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Beijing Clean Air Rules Take Effect – 20th July

Restrictions on driving have been introduced in the Chinese capital, Beijing, in an attempt to improve the city’s air quality in time for the Olympic Games.

The directive, which bans private vehicles with odd- and even-numbered licence plates from Beijing’s roads on alternate days, came into effect on Sunday, 19 days before the sporting event begins.

The rules to reduce Beijng’s notorious air pollution will remain in effect until September 20.

The latest measures come after Jacques Rogge, head of the International Committee (IOC), said last year that poor air quality during the August 8-24 games would threaten some events.

Pollution concerns

A fine of $14 – a significant amount in China where incomes are lower than those in more developed countries – will be levied on those who drive their vehicles on the wrong day.

Traffic on the streets of the Chinese capital was light as the restrictions came into force, but it will take some time for the haze to clear.

There are 3.3 million vehicles in Beijing. A package of similar restrictions to reduce their use was introduced for a trial period last August but the haze from pollution remained.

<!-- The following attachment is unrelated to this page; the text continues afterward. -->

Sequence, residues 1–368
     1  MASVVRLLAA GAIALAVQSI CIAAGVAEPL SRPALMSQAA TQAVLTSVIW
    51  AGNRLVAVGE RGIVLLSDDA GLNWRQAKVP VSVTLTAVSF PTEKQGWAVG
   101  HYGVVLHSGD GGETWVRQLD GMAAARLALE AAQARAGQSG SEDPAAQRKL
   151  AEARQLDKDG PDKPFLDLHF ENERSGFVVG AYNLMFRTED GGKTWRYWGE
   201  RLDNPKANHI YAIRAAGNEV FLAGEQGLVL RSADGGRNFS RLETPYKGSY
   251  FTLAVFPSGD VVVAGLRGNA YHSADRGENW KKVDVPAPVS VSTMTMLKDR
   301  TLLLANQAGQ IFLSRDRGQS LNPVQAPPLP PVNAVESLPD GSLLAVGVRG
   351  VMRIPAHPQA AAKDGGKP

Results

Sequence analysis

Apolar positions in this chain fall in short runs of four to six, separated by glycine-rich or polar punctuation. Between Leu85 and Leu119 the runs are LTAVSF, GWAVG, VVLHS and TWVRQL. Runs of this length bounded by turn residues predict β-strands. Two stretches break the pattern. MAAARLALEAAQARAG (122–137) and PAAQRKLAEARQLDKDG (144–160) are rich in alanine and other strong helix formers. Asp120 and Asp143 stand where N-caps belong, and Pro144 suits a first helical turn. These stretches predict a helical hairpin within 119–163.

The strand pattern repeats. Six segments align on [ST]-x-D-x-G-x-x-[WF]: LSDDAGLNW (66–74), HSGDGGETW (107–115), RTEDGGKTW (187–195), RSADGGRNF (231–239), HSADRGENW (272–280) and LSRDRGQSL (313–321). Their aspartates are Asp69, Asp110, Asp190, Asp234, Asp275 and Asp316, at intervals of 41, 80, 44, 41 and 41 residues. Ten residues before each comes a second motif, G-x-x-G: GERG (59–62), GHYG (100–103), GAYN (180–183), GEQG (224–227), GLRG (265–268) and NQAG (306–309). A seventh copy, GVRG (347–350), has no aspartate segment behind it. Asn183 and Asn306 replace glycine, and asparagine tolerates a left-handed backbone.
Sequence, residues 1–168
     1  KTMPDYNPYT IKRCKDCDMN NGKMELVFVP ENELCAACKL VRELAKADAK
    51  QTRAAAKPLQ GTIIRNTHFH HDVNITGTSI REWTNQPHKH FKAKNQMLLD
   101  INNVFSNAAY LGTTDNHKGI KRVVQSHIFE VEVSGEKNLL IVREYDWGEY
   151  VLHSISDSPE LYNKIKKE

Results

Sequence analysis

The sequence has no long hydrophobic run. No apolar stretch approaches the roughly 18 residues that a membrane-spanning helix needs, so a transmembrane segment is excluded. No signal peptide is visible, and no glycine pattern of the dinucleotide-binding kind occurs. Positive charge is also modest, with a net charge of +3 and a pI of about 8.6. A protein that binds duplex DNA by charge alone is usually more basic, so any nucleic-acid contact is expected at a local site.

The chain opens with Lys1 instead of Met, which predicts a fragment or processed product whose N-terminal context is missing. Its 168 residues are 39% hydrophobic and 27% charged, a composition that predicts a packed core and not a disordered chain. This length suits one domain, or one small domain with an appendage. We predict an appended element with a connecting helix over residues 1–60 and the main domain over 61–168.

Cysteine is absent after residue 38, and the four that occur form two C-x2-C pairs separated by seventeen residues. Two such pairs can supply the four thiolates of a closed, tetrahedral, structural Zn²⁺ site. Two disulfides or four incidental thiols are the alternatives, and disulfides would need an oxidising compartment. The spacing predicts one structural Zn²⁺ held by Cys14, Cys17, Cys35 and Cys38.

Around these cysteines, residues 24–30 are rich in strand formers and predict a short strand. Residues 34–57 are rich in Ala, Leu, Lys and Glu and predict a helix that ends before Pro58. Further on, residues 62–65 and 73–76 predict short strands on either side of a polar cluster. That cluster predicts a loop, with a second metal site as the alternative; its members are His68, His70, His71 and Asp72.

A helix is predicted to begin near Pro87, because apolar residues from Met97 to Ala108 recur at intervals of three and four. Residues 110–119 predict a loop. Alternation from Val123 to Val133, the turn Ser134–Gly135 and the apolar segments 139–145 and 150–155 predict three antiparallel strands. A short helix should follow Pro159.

This time, the authorities have also ordered the shutting down of polluting industries in the region around Beijing, as well as the halting of construction in the city.

A day before the road traffic restrictions took effect, Beijing opened three underground railway lines to absorb the amount of extra passengers using the city’s rail network.

Farmers protest

The Chinese government is taking considerable steps to promote an image of harmony and unity in the run-up to the games.

But concerns remain about government attempts to quell any social unrest.

Two people were killed by police officers during a battle with villagers in southwestern China in the latest incident, an activist group said on Sunday.

About 1,000 rubber growers demonstrating over the price at which they have to sell their crops, clashed with police in Yunnan province’s Menglian county on Saturday, the Hong Kong Centre for Human Rights and Democracy said.

The farmers are angry at having to sell their entire crop to local government departments at prices 40 per cent lower than they could obtain on the open market.

Xinhua, China’s state news agency, said the local government had been instructed to put an end to the dispute.

It quoted Bai Enpei, a senior Communist party official, as saying that the provincial authorities should listen “attentively to the complaints and appeal of local residents, making great efforts to rescue the injured people, and consoling family members of the dead to prevent the matter from escalating”.

China recently ordered local governments to make every effort to resolve social disputes to prevent protests from spreading to the capital.

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